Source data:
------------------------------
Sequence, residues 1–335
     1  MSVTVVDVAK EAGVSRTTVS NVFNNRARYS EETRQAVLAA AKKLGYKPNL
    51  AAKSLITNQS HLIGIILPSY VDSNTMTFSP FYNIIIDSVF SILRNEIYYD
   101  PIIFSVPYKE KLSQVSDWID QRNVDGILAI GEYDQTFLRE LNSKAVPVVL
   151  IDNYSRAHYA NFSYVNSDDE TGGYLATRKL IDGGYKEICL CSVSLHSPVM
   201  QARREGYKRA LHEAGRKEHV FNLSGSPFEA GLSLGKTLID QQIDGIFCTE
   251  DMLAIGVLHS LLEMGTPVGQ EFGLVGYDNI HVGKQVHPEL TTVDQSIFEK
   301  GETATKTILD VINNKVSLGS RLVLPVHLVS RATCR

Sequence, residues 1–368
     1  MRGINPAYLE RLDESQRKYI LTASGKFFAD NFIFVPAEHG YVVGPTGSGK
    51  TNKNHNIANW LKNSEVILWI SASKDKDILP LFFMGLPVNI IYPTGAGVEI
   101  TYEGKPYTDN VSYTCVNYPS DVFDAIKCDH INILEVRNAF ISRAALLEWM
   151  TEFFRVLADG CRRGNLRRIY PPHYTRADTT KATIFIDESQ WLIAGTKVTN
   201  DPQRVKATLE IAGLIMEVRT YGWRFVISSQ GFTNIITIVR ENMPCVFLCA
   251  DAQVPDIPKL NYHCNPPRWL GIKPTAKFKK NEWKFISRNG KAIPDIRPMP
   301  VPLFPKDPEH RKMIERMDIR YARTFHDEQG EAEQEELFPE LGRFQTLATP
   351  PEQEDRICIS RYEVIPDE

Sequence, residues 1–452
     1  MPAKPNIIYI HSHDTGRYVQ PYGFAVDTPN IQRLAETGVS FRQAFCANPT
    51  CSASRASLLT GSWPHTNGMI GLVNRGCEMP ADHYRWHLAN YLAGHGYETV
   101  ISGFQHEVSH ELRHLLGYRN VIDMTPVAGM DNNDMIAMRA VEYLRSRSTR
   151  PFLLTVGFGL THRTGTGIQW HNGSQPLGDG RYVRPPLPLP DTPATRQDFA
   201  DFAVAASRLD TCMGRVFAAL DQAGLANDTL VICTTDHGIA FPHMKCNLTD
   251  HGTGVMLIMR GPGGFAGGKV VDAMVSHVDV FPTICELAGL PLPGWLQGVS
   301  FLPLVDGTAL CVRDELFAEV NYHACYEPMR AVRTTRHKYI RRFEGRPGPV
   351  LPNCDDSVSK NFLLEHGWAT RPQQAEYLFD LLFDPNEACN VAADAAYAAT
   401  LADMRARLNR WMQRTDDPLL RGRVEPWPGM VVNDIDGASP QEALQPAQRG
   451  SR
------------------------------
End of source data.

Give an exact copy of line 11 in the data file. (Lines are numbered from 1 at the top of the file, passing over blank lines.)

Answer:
    51  TNKNHNIANW LKNSEVILWI SASKDKDILP LFFMGLPVNI IYPTGAGVEI